ON SPIRITUALITY & ETHICS
“It is criminal to have people
working at a full-time job
and getting part-time income.”
Dr. Martin Luther King
Are you poor? Have you ever been poor?
In 1981, I faced significant financial troubles. My bride and I moved to Louisville so I could attend seminary. Our checking account, often near zero, required much attention. With low-wage jobs, my wife and I limited our entertainment to the local dollar theater.
One day, a clerical error led to a bounced check. The seminary charged $20. This was a fortune! With this money, we could have gone to the movies ten times.
We were not alone. So I asked the seminary to reduce its exorbitant fine. Administrators refused. I expected better understanding from an institution teaching God’s love for the poor.
Was I poor? I thought so. Now I consider it a ‘struggle.’ After all, time would improve our circumstances and, if needed, both our parents could help us.
Not so for many who really are impoverished. For them, a bounced check can take food off the family table. The USDA reports in 2014 that 6.9 million American households, many with children, had “very low food security.” At various times, their food intake was reduced and their eating patterns disrupted.
This is shocking. Political will has been absent to fully fund the SNAP (food stamp) program. Indeed, SNAP is subjected to repeated cuts by those who insist government is encouraging poor people to be “dependent” upon assistance. Even families with short-term hunger crises must not be given adequate food.
In such cases, government’s closed-fisted stinginess demeans the lives of those whose finances are already far too painful. It’s the same sin as my seminary—only the offense is far greater because our national cruelty is reflected by Americans’ anguish from hunger.
The U.S. has 4.4 percent of the world’s population—but 45 percent of the world’s ultra high net worth individuals (38,000 with wealth of at least $50 million). Yet we won’t feed our own—including our children: Despite our riches, U.S. childhood poverty is ranked 34th of 35 developed nations.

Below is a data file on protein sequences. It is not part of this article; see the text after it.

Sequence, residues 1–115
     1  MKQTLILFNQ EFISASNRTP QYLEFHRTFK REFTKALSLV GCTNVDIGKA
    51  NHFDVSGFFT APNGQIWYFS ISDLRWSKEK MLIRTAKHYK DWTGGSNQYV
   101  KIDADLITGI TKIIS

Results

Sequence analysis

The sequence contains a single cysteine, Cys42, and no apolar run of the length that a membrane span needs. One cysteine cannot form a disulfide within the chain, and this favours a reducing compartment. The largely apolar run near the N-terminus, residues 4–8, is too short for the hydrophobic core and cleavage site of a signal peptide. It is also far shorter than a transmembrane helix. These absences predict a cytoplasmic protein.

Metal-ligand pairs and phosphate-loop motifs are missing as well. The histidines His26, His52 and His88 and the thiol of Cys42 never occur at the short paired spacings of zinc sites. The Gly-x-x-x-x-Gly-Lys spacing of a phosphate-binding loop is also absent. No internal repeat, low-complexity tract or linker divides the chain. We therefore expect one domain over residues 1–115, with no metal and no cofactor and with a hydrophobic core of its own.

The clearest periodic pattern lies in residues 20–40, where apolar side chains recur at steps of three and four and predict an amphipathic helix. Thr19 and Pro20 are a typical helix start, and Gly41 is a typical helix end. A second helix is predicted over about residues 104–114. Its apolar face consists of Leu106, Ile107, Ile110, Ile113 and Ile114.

For my wife and me, financial difficulties were short-term. Soon, we would have enough income to save for a rainy day.
Not so for the 62 percent of Americans with savings unable to cover a $500 emergency. For millions of low-income Americans, a safety net is crucial.
Here are a few comments from those in poverty:
Sharon existed on $500 a month for seven years. She states, “I feel rich when I have food.”
Mary Lee had a good income. Her business tanked, so her home is now her car or a friend’s couch. She survives on Ramen noodles and has one pair of pants. Living in poverty, says Mary Lee, is “very humiliating” and she is worn down by “hellish stress.” She explains, “It feels like falling in the ocean and treading water for years…. [Poverty] devastates your ability to function and robs you of your health.”
KC and his wife earn minimum wage—when jobs are available. They avoid anything but necessities. KC states, “Income inequality is worse stress than any job.”
Tania, a single mother, somehow pays her rent while making less than $11,000 a year. Without food stamps, she says, “we couldn’t eat.” With recent government reductions, however, she runs out of milk, juices, bread and eggs before the end of each month. “It’s difficult when one child is only three.”
Despite hard work, many paid at or near minimum wage remain in poverty for years. Good opportunities in America should include a living wage for all.
Everyone must eat. Instead of slashing assistance, it’s time to restore food stamp cuts. Like Jesus, we ought to “bring good news to the poor,” be compassionate, and assist them in overcoming the oppression of poverty.
Rev. Harry Rix has 60 articles on spirituality and ethics, stunning photos, and 1200 quotations for reflection available at www.quoflections.org. ©2016 Harry Rix. All rights reserved.